To some of us, Mother’s Day is a reminder of a painful past, of broken relationships and broken dreams. The following piece is my tribute to the woman who gave birth to me. Mom, I’m sorry I let you down…
The last time I spoke to my birth mother was in 2006. She flew to Canada from her homeland of South Africa to spread the remainder of my father’s ashes in the city we’d spent 10 years as a family: Prince George. My mother emailed me from my sister’s, where she was staying, and asked if I wanted to meet. It was nice – and surprising – to get an invitation, especially as the previous year we had had our share of conflicts around my decision to transition from my assigned female identity to a male one. At the time, my mother had disowned me and accused me of bringing shame over the family. After my father passed away from cancer, she told me she wished I’d died instead of him.
Given the acrimony that my transition had caused, I stayed away from my father’s funeral and accepted that I would perhaps not ever see my mother again. The thought was not so horrible. If love had once existed between us, I could not remember the last time my mother had admitted to feeling anything resembling it. Long before my transition we had locked horns over everything from my lack of motivation to my intentionally bad behaviour, as she saw it. In truth, my sin was that I had dared to become clinically depressed at the tender age of 12. Mental illness reflected badly on her skills as a mother. And if I had to guess, the guilt of her failure rendered her incapable of showing me affection.
Some children bring out the worst in their parents, and I certainly brought out the worst in my mother. Between my severe depressive episodes and my father’s physical disabilities, I imagine my mother felt her family was more of a burden than she’d signed up for. At least where I and my father were concerned. She convinced my father, a psychiatrist, to prescribe me antidepressants. But neither of them thought it necessary for me to speak with anyone outside the family. And so, when the medications made my suicidal thoughts grow worse, I withdrew even further, scared that I was going crazy, scared that if they found out, they would have me committed.
The yelling started gradually, and became more severe once my two elder sisters left the house. My mother would get upset at anything and everything it seemed. Like when my father dropped his fork at the dinner table, his fingers like twisted twigs, the result of severe rheumatoid arthritis. She would scream at him when he clumsily knocked his knee into the corner of the coffee table and blood poured onto the living room carpet. Because of the medications he was on, my father bled easily and long, his blood refusing to clot. My father rarely defended himself against my mother’s cruel jabs. As he later told me: try to think of it from your mother’s perspective, being with a man who is dependent on her to get around, to live. I couldn’t understand his logic. If she loved him, surely yelling was no way to show it?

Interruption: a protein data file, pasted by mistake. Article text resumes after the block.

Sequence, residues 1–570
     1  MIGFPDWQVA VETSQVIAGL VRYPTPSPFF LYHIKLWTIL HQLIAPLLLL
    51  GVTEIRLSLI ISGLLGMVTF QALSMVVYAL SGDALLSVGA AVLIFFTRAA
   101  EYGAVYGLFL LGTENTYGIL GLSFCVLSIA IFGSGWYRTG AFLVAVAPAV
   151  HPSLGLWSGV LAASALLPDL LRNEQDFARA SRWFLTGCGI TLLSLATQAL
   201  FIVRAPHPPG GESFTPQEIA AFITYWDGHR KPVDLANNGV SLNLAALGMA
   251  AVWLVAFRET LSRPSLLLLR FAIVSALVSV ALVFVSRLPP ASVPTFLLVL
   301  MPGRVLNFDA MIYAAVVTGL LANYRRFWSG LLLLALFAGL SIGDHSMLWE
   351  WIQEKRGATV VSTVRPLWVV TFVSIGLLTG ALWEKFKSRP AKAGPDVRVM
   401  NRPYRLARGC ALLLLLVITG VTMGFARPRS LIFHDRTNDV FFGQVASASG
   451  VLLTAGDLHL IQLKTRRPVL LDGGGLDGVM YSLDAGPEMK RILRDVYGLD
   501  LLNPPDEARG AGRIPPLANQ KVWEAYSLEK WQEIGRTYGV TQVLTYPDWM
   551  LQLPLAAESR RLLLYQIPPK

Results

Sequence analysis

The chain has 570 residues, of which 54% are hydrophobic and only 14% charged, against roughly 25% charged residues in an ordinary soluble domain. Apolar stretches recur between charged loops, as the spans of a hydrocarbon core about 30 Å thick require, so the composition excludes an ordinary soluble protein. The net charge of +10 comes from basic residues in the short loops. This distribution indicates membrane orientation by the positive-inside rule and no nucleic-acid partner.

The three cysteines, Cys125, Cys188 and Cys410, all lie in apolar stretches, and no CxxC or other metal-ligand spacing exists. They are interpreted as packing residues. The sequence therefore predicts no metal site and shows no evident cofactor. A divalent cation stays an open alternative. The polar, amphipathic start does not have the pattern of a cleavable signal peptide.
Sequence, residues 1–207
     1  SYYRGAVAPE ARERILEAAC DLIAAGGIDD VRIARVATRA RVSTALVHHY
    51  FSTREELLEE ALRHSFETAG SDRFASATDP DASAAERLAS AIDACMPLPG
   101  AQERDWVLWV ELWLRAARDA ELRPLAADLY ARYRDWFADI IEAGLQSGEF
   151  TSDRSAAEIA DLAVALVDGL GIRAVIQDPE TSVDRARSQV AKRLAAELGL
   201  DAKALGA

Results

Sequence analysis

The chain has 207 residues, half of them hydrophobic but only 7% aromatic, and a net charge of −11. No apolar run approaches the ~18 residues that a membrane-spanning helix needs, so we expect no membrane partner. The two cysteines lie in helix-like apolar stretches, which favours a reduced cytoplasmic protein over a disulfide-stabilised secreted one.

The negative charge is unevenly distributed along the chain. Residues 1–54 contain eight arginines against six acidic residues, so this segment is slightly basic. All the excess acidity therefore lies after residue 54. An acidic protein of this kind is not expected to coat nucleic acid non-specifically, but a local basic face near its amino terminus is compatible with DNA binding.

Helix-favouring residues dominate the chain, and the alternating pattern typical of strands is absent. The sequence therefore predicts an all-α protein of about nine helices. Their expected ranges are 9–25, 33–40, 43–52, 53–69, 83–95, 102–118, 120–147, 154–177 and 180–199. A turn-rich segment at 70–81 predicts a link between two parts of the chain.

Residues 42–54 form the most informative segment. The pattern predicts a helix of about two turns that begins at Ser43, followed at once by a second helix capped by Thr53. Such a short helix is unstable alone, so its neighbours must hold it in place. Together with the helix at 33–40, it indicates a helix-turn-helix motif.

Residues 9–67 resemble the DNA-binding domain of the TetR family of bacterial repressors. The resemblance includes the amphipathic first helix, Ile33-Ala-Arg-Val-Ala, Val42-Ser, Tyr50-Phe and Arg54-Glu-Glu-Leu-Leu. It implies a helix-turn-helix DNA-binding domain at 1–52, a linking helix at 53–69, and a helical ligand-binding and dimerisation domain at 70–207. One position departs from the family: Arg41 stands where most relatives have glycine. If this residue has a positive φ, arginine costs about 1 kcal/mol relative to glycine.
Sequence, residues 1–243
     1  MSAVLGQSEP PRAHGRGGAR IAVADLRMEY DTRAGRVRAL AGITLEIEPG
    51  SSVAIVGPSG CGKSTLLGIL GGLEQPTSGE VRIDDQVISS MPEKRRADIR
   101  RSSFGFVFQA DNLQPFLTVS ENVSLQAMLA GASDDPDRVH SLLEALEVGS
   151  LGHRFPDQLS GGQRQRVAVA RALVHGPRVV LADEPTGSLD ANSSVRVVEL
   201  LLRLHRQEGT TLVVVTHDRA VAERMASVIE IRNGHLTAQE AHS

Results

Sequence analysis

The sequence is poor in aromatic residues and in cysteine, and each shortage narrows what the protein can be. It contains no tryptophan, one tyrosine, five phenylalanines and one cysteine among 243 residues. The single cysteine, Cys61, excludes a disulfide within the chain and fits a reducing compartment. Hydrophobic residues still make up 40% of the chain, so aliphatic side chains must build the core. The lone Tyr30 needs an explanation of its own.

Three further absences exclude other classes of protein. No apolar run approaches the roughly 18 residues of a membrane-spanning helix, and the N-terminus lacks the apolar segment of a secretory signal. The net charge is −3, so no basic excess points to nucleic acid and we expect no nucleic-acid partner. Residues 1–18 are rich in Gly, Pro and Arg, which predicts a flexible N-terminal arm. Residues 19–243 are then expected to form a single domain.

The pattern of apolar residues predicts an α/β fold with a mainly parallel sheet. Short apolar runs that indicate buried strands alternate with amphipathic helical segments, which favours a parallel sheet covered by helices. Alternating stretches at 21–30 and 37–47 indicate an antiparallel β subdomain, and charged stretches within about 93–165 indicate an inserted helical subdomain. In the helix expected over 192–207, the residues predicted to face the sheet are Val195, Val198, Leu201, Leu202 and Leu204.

But there was a viciousness in my mother’s attacks that made me want to leap up and defend my father with all my might. I loved him and wanted to look up to him. And yet, there he was, vulnerable, in many ways a broken man — and not even his wife treated him with respect. It made my blood boil. I tried to defend him but for my pains I unleashed not only my mother’s rage but my father’s too. In his eyes, my mother could do no wrong. And given the choice of defending the woman he depended on or the child who wanted to look up to him, he inevitably chose my mother’s side, condemning my angry outbursts and ordering me to apologize to my mother for challenging her authority.
I learned two lessons: sometimes doing what you think is right, hurts. And, never trust your parents.
As my father’s physical health declined, my mental health plummeted as well. My mother, too, sunk into a kind of sullen, angry depression, though this was never acknowledged. I remember her spending her afternoons stretched out on the leather couch in the TV room watching soap operas with the sound turned off. Some nights I would hear her screams from the bedroom, waking as she sometimes did from vivid nightmares.
It carried on like this until I finished high school and, at the tender age of 18, fled to Canada to stay with my sister and attend university. By then, my depression had become so entrenched that a mere change in environment wasn’t enough to shake it. But I finally reached out for professional help and started my long road towards recovery.
So, in 2006, when my mother invited me to meet with her, I thought: maybe we can finally have an honest conversation. We got together in front of the Empress Hotel in Victoria, BC. As I approached her I asked if it was OK for me to hug her. Stony-faced, she told me to do whatever I wanted. She stood as still as a tree-trunk as I tried to wrap my arms around her. We settled onto a park bench and I told her of the hurt she caused me, of the anger I still felt. When I questioned her outbursts, she seemed surprised. “Why did you bother listening to me?” she asked. As if it was my fault for caring what she thought of me.
I told her I needed her to apologize for the way she belittled my father and me. She refused. She said that I was to blame, that I had made her life a living hell. That’s when I realized that my mother would never change. And I needed to be OK with that. That day when we parted, I realized I could not continue the relationship with my mother and keep my sanity. I needed to let go of needing her acceptance. I needed to move on with my life.
I haven’t seen her since that day, and though it hurts, I know it was the right decision for my own healing.